In December 2003, Ceramics Monthly published my article, “Carrying the Empty Cup,” which shared the words of three Japanese masters as they reflected upon how they learned and taught.
Shiho Kanzaki spoke about learning and inspiration in this way, saying that he would sometimes begin intentional learning by examining pots, or images of pots, that he found interesting. He would view a single piece continually for two days. If after two days of constant looking, he was still fascinated with the piece, he would measure it as a piece worth learning from.
After this initial, concentrated period of looking, Kanzaki would not look at the piece for at least one year (nor would he try to make a piece that was inspired by this work for at least a year). Instead he would let the image of the work, and his own imagination, begin to mature in his mind. He describes this process as “chasing the image.” The image would begin to change as it integrated into Kanzaki’s heart, soul, and spirit. As the image changed, Kanzaki continued to chase it. Over time, it became his own, not so much resembling the initial form, but having been distilled into something of the spirit of the initial piece—having been flavored by his own spirit. And thereafter, as the making eventually began, the chase continued. The works themselves began to inspire a new round of chasing.
Recently I realized that I have been in the middle of chasing the image. While I have been participating, almost unconsciously, in the chase for almost three years, until recently it hadn’t occurred to me that this was happening.
Six years ago, Chad Hartwig, then a research associate at the University of Notre Dame, near South Bend, Indiana, gave me a parting gift as he readied for a move to Minnesota. I remember it as a cup with blues and aquas, and perhaps some yellows. In my memory of it, there seemed to have been some kind of stable microcrystalline glaze applied first to the pot, followed by the application of one or two more glazes, after which it was soda fired.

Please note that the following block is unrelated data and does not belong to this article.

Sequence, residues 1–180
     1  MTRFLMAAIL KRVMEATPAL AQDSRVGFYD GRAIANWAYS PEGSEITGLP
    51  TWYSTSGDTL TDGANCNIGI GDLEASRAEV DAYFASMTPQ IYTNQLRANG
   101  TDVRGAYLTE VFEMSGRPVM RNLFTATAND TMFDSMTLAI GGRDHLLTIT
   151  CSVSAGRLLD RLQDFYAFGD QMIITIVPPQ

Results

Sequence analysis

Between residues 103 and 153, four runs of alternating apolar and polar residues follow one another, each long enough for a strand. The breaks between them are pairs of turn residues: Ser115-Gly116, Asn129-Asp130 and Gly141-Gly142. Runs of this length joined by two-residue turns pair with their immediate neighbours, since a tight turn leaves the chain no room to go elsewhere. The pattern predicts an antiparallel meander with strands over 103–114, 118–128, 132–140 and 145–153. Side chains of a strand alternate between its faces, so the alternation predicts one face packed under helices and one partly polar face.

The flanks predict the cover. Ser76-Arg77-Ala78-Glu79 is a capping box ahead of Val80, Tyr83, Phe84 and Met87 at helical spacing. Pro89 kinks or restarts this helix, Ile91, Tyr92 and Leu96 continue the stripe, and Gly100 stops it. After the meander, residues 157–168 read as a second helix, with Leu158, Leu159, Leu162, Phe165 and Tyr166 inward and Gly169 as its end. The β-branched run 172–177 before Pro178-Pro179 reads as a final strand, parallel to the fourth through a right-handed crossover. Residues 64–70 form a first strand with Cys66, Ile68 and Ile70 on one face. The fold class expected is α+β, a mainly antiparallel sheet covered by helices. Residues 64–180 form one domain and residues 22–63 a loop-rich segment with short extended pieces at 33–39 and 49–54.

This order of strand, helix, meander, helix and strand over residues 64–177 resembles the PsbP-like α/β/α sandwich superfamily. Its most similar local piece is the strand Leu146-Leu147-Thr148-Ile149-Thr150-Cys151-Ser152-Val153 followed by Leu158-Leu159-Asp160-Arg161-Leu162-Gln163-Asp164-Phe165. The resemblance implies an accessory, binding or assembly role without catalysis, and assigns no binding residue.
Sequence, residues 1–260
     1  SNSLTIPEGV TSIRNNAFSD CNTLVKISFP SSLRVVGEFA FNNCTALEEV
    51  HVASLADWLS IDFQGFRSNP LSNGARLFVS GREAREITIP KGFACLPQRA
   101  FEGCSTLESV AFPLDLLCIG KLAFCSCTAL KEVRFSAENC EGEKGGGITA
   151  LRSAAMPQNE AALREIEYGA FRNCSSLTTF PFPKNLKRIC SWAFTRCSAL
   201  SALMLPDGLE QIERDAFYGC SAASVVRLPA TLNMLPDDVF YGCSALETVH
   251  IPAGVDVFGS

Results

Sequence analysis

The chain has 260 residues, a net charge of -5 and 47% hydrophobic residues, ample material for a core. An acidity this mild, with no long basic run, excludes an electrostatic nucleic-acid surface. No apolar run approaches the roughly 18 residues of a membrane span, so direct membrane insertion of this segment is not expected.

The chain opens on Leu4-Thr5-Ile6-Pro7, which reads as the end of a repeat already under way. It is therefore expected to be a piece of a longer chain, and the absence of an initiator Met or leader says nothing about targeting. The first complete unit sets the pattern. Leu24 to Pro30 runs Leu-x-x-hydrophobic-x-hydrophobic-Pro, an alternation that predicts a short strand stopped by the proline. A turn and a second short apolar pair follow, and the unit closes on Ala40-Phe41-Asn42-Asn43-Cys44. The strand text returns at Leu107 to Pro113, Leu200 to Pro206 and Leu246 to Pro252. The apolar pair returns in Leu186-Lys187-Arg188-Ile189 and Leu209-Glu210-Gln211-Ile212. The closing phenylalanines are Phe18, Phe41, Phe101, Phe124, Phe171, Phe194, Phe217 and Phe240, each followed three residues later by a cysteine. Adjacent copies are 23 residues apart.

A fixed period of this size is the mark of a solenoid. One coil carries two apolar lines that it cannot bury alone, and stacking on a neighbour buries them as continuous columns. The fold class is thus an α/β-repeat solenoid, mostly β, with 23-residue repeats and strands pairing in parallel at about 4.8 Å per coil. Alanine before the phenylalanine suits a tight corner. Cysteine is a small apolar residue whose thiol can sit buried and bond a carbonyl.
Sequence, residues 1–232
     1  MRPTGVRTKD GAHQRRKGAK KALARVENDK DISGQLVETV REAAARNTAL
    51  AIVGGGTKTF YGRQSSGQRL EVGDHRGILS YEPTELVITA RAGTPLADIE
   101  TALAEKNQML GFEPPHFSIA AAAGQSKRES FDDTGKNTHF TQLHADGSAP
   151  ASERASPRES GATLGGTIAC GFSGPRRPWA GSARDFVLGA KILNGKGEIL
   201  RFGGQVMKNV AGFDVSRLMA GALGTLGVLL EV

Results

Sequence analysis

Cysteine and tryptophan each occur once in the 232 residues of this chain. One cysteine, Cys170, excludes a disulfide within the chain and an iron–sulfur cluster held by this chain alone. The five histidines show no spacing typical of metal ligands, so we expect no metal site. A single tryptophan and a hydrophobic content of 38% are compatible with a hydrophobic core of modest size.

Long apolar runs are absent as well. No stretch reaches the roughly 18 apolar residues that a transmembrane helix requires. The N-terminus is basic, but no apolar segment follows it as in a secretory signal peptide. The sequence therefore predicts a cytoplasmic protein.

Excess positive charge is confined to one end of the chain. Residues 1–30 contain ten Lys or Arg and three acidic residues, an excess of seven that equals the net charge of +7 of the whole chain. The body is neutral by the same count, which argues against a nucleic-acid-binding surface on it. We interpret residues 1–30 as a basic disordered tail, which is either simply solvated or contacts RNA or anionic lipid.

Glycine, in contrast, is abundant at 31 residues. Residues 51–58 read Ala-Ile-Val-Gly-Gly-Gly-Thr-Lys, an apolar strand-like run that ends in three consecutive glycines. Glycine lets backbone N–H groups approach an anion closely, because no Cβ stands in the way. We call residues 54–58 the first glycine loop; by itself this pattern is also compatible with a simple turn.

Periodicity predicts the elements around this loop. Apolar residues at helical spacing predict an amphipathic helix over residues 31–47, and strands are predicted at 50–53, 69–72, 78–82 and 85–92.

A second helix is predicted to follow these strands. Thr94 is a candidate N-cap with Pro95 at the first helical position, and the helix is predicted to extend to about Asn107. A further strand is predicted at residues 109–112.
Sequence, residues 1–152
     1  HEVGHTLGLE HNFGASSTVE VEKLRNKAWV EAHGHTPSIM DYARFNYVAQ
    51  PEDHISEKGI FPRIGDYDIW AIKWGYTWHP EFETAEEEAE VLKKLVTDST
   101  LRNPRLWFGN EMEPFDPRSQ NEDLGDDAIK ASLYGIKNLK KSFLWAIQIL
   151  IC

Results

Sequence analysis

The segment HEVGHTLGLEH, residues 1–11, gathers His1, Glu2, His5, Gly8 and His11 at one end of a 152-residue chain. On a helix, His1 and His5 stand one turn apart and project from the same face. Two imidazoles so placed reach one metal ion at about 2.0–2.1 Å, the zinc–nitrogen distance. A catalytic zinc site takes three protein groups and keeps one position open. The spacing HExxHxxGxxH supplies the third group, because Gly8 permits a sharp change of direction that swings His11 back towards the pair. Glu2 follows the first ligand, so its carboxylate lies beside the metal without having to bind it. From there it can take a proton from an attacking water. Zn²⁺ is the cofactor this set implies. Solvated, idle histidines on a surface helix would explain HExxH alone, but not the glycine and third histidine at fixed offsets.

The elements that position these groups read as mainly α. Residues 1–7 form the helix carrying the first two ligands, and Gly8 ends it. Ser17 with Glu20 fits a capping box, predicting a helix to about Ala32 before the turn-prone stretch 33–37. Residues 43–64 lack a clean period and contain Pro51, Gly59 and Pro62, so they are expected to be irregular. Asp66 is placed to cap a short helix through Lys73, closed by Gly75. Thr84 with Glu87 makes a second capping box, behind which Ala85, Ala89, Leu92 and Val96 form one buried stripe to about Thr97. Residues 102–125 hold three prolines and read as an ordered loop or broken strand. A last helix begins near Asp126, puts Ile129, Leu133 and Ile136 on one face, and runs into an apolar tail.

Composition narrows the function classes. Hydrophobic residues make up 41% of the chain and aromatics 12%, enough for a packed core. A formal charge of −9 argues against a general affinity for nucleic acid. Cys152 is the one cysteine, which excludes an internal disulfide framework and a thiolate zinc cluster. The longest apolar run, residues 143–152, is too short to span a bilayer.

I was so moved by the piece, so envious of the piece, that after a few days, I put it back in its packaging and onto a shelf in the basement. I felt afraid that if I kept looking at it that I’d be overly inclined to copy it. I couldn’t bring myself to do that to Chad, or to myself.
After two years without ever getting the piece out to look at it, and without ever having made a purposeful pursuit of the pot I so admired, it suddenly occurred to me that something about the essence of Chad’s cup had mysteriously distilled in my mind—without my even trying. I felt motivated to try to do something with this distillation. Alongside that, my interest in making pots with more vivid colors had been integrating into my aesthetic. When I realized that I was holding these two urges, I decided to commit myself to a major series of glaze tests in January of 2017. I was looking for glazes that had one of three qualities: stable microcrystalline glazes that could be fired to cone 13 without running or losing their matte qualities; cone-appropriate (I fire to cone 9–10) glazes with lots of color; and finally, colorfully complex glazes that melted at about cone 6 or 7. I even tried breaking the rules by testing a wide range of glazes that were designed for crystalline-glazed porcelains—glazes that begin melting quite early and were designed for oxidation firing atmospheres.
I began with 200 test glazes. After 6 months of continued testing, I culled the number down to about 3 dozen that had the colors and properties I assumed would be needed. I was hoping that my triple glazing would produce fluid, complex colors that would generously accentuate my significantly altered forms.
From there, and during the next year, I began the triple-glaze tests: three glazes on each large test tile, beginning with the stable microcrystalline glaze, followed by a layer of the cone-appropriate glaze, and finally a layer of the cone 7 glaze. This exploration produced far too many possible combinations, but I worked somewhat intuitively with 100 triple-glazed combinations.
Repeated testing with varying glaze application allowed me to bring the number of most frequently used glazes to about 15, which produced roughly 20 triple-glazed combinations that I found the most attractive, most repeatable, and least likely to obscure the altered surfaces of most of my pots.